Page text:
The term in the denominator under the radical is called the total variation of Y. It's a measure of the deviations of Y from the mean value of Y in the dataset. Total variation is composed of two components: the explained variation and the unexplained variation. Explained variation is a measure of the deviations of the estimated Y values (those predicted from the fit curve) from the mean value of Y in the dataset. Unexplained variation is a measure of the deviations of the estimated Y value from the actual or measured Y value. These variations are assumed random and it's these variations you aim to minimize when fitting a curve to a set of data.

The formula for the correlation coefficient can be and often is written in different forms. For example, in some cases it's written in terms of standard deviations.

As you can see from the formula shown a moment ago, the correlation coefficient is the ratio of the explained variation to the total variation. The greater the explained variation, the smaller the unexplained variation, and therefore the closer the correlation coefficient approaches a value of ±1. The R-squared value is just the square of the correlation coefficient. Therefore, the closer R-squared is to a value of 1, the smaller the unexplained variation and the better the fit. Excel's curve fit and trendline functions compute the R-squared value, which is also called the coefficient of determination . I've mentioned this R-squared value several times in other recipes already. The closer the R-squared value is to 1, the better the equation fits the underlying data.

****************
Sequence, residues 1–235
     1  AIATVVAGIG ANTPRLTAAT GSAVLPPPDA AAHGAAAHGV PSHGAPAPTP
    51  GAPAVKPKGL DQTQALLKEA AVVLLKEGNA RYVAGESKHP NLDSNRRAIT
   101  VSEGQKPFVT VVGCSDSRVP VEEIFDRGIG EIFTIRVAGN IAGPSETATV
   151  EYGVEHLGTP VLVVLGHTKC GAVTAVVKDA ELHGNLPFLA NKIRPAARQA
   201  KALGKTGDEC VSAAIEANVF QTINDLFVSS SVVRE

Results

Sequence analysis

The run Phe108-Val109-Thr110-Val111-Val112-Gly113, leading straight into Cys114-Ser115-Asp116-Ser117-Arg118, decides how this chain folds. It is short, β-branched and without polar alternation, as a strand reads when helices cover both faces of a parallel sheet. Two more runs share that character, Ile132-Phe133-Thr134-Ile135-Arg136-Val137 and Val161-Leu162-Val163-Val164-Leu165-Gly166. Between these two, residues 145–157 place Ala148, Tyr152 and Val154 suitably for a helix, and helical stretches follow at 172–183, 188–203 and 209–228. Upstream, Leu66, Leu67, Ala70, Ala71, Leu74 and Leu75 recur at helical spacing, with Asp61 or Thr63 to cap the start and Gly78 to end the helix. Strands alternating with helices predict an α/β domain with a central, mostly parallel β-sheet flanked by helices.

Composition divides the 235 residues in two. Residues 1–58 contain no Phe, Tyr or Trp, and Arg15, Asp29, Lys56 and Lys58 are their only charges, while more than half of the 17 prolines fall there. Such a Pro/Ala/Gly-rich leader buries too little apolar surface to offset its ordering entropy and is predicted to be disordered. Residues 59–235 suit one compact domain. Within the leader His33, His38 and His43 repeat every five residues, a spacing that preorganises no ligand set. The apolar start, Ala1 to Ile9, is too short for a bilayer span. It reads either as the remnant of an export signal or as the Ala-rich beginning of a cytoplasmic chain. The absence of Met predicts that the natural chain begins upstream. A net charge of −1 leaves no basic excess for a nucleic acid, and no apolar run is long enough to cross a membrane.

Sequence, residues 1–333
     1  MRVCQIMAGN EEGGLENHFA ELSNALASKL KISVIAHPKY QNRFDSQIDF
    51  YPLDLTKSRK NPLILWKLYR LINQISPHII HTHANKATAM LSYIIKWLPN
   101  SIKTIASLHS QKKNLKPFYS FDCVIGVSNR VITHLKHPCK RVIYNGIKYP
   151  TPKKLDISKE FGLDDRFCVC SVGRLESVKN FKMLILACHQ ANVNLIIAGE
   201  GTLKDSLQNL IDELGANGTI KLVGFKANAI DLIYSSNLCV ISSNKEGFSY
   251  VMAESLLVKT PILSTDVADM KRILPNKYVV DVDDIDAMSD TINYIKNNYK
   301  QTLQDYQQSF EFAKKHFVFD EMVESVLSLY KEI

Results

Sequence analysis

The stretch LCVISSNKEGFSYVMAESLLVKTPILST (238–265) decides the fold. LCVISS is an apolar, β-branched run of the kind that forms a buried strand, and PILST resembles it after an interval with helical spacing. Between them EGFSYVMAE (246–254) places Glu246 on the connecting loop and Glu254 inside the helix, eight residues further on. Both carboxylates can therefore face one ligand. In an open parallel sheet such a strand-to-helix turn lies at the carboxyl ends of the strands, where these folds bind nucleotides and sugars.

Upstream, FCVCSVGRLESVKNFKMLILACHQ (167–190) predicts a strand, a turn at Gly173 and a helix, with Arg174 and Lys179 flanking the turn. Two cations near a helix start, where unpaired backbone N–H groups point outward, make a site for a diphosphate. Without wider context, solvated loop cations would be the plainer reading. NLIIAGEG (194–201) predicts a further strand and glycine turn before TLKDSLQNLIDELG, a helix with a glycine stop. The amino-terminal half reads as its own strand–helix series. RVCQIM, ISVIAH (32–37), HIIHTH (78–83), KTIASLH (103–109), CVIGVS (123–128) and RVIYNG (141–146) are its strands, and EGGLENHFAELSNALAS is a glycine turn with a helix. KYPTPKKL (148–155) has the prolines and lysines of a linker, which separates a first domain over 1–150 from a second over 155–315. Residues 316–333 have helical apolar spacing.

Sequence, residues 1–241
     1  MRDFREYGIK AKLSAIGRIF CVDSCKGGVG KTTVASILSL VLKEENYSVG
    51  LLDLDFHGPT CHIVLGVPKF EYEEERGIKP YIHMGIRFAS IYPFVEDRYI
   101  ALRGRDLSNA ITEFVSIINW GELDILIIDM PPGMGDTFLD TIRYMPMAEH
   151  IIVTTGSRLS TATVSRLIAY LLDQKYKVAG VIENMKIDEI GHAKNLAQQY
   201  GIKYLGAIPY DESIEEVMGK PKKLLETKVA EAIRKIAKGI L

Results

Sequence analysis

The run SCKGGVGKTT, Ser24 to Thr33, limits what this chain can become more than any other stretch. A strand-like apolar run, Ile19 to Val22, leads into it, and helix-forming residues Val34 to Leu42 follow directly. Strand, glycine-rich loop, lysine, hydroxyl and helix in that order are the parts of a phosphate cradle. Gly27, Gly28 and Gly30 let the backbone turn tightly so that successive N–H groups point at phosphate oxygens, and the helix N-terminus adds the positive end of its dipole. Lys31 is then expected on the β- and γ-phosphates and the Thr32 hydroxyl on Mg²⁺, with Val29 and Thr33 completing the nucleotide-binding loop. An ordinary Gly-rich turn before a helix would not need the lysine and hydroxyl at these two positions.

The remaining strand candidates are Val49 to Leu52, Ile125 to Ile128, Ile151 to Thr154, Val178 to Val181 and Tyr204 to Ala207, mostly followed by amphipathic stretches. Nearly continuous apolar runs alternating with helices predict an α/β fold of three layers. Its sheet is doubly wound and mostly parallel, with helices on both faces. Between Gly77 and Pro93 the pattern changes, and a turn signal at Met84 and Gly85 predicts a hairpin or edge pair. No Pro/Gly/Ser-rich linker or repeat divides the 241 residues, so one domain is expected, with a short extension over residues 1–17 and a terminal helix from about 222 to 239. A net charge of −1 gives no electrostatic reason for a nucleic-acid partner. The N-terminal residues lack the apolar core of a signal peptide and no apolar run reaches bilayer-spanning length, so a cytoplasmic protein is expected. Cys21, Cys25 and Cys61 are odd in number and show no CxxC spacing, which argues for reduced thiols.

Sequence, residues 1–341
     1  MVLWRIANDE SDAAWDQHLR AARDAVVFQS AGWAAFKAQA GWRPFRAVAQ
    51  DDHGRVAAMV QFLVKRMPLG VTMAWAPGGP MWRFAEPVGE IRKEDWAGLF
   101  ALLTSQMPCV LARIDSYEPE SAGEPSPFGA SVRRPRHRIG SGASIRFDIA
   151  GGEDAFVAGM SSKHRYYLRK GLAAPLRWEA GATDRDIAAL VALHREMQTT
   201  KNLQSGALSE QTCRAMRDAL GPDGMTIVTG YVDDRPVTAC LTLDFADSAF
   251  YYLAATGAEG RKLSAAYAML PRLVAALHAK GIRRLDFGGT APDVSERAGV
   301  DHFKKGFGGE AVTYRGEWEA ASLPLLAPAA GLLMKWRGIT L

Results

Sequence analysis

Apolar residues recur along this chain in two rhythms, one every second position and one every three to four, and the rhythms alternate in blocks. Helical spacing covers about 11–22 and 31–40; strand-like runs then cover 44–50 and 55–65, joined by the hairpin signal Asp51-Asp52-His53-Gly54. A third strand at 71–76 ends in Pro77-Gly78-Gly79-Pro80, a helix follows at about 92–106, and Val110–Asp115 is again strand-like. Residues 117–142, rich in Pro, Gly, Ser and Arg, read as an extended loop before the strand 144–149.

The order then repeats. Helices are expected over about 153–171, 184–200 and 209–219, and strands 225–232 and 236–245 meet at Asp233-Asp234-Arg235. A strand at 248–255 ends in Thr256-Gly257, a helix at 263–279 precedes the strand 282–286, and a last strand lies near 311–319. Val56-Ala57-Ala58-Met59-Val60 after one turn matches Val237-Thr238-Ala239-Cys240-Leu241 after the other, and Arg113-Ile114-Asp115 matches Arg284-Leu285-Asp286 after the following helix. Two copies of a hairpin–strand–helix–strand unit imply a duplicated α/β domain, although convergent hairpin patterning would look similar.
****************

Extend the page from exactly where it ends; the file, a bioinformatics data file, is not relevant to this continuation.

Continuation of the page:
You can display the R-squared value for a chart trendline by checking "Display R-squared value on chart" under the Options tab in the Add Trendline dialog box. See Figure 8-2 in Recipe 8.1.

For illustration purposes, I prepared a dataset that exhibits a linear relationship and had Excel compute various trendlines, including one linear and three nonlinear trendlines. The results are shown in Figure 8-13.

The equations, along with the corresponding R-squared values, are also shown on the chart. The linear trendline best fits the data, as expected, with an R-squared value of 0.997. The next best fit is from the power fit, with an R-squared value of 0.9749, which is still not a bad fit. The other two trendlinesthe log and exponential

Figure 8-13. Various trendlines

trendlinesexhibit poor fits, with R-squared values of 0.7999 and 0.8207, respectively. You can also visually see that the log and exponential fits poorly represent the data under consideration.